So when Paul arrived in Jerusalem with Titus he met the Jewish leaders in private. You see he wanted to preserve the unity between Godís people. He knew there was only one gospel, one unchangeable message that needed to be preached to every people group in entire world. And I think he was convinced that the Jewish Christian leaders believed the same thing. But what about the crowd?

What would happen to the unity between the Jewish mission and the Gentile mission if there was a head-to-head interaction between Paul and Peter in front of a patriotic Jewish crowd? Paul could not be sure and so therefore to ensure the success of his mission he decided to meet with the Jerusalem leaders in private.

And yet despite his best efforts to avoid confrontation of any kind he nevertheless encountered face to face opposition over the issue of circumcision. Letís call it the Titus Question. Would he have the snip or would he not? According to verse 4, some false brothers had managed to infiltrate the secret meeting taking place in Jerusalem. They wanted to spy on the freedom that was available to those who had a relationship with Jesus Christ but ultimately not to join them but to make them slaves. They wanted to compel Titus to be circumcised. And the key word is compel. Circumcision was not an optional extra for them, to be done as it was in Acts 16 with Timothy when it was useful for gospel advancement. No, for this group of people circumcision was an essential requirement for getting into heaven. They still believed that the people of God had to follow the rules set out in the Old Testament. Yes of course they believed that Gentiles could be saved. They knew about the rules for the foreigner written into the pages of the Old Testament. They had not abandoned Titus to the fires of hell simply because he was born into a non-Jewish family. But this is what they did believe. If he wanted to be a member of Godís people and so therefore if he wanted to be saved he would have to become an Israelite. He would have to put into practice the laws of God that he found in the Old Testament. And that meant circumcision, Jewish holy days and a vast number of different dietary laws. Here was the Titus question and here was Paulís confrontation with people.

What would he do? Would he capitulate to their demands? Would he stand his ground? Would he draw a line in the sand or would he instead take Titus along to the local hospital for a little bit of surgery?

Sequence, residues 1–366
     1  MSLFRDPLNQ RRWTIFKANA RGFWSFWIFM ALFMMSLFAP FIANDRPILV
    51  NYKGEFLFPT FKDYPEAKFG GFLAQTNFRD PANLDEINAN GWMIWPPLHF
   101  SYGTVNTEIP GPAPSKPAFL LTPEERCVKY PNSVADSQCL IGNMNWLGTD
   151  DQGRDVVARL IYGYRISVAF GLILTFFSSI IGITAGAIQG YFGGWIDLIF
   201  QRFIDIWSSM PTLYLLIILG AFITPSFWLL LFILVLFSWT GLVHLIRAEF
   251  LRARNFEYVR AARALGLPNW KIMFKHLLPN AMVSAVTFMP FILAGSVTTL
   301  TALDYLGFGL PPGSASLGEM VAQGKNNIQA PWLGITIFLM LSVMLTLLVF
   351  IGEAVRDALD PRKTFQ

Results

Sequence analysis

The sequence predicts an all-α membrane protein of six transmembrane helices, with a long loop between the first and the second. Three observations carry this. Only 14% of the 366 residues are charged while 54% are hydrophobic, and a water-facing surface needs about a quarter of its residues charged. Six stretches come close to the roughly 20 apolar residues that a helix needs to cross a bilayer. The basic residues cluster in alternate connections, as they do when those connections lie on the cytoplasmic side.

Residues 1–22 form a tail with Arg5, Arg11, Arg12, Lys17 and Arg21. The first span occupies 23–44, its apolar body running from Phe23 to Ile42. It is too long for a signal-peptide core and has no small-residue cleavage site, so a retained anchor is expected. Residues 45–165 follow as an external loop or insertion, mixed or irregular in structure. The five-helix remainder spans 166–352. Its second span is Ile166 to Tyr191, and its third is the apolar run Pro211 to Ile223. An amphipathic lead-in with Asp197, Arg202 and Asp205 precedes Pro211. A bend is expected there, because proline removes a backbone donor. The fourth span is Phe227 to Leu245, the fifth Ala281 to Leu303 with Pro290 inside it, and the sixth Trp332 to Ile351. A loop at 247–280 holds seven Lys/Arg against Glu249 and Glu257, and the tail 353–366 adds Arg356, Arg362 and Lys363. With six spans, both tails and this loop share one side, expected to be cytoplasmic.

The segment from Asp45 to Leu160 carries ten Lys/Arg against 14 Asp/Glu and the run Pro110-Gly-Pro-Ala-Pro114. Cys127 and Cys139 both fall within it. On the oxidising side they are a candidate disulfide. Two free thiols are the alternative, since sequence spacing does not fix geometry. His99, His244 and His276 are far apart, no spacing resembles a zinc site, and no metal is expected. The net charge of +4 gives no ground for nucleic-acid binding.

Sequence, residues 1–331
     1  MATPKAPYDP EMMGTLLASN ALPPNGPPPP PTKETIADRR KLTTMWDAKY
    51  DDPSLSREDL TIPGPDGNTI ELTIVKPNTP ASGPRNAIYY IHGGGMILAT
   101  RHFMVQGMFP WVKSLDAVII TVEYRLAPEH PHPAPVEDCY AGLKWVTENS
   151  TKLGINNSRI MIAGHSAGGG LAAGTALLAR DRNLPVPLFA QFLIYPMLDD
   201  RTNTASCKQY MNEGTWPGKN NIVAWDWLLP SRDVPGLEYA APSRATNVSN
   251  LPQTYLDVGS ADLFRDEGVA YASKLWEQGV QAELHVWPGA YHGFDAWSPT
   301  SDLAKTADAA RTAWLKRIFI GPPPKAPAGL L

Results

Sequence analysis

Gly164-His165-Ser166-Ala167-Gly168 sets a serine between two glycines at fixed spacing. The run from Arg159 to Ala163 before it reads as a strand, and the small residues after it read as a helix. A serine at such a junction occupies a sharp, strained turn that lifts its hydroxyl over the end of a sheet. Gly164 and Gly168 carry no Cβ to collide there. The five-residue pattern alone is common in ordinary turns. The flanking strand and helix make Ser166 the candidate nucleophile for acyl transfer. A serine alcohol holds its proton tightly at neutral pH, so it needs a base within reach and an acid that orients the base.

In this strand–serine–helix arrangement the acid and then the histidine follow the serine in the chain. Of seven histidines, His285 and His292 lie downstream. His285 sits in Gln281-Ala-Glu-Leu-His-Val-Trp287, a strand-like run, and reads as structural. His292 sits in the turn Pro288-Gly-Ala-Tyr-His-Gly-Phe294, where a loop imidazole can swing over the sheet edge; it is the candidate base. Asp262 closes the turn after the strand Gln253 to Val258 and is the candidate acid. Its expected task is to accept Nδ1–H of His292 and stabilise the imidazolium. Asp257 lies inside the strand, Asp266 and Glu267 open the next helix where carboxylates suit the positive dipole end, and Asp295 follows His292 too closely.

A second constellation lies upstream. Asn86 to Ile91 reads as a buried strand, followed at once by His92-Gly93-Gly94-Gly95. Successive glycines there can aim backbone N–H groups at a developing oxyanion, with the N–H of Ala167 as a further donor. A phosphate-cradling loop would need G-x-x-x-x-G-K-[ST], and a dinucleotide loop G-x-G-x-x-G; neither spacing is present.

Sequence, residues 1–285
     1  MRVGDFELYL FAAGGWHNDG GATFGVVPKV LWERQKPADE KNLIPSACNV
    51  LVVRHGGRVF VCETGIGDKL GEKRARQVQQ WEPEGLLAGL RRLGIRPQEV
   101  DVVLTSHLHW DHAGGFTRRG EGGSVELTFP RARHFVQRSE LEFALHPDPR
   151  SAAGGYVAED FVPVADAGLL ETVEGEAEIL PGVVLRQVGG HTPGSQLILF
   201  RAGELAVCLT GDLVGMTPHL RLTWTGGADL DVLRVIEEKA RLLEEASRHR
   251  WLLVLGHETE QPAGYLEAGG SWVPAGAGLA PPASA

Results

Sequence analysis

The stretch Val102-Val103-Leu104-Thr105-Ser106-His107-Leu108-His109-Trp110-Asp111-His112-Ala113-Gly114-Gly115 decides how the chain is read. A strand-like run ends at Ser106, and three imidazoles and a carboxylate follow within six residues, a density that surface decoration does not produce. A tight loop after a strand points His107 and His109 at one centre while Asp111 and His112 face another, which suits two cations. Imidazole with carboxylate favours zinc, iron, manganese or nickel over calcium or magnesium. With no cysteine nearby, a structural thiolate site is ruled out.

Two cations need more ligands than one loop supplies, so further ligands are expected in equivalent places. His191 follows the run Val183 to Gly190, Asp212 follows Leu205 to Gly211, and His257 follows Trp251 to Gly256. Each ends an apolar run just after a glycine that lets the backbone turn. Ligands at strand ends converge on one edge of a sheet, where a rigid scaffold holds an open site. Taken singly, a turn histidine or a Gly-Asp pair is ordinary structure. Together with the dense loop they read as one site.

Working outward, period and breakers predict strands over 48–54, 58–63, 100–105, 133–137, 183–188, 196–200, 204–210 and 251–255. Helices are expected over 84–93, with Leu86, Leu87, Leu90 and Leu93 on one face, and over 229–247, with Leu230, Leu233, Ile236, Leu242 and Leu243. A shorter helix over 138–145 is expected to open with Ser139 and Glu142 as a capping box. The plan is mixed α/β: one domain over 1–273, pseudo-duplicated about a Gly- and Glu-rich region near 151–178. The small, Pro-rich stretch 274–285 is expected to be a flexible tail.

Have a look at verse 3. "Yet not even Titus, who was with me, was compelled to be circumcised, even though he was a Greek." And the reason is found in verse 5. "We did not give in to them for a moment, so that the truth of the gospel might remain with you." And what is the truth of the gospel? Have a look at verse 4. "This matter arose because some false brothers had infiltrated our ranks to spy on the freedom we have in Christ Jesus and to make us slaves."

There is the truth of the gospel, in a nutshell: freedom in Christ Jesus. Paul was convinced that a new era had opened up in world history. Jesus Christ was not just the continuation of the old, he was the arrival of something dramatically new and different. In him was to be found freedom. Both for the Jews and for the Gentiles. First of all, freedom for the Jews. For years and years they had been enslaved by their inability to keep Godís law. Godís law was good. It consisted of his loving instructions to live life to the max. But Godís people were enslaved to their sin and so constantly found themselves under Godís condemnation. However, with the arrival of Jesus, a man walked the earth in perfect obedience to the law of God. He never failed. And because of his amazing love for his people he took the curse of their disobedience onto himself so that they could be freed from the burden of their guilt and condemnation. In Jesus Godís people were offered a fresh start. The arrival of Jesus meant freedom for the Jews. But, secondly, it also meant freedom for the Gentiles. For years and years they had known nothing of personal intimacy with the God who made them. They were far from God and far from his people. They were fearful of death, superstitious about the stars, terrified by the power of the natural elements and afraid that uncontrollable disease would spread through their region. Not so different from today is it? The Gentiles were not free. Mel Gibson may have proclaimed in a very bad Scottish accent that they may take our lives, but theyíll never take our freedom, but such freedom is an illusion for any person who has not committed themselves to God and asked him for forgiveness.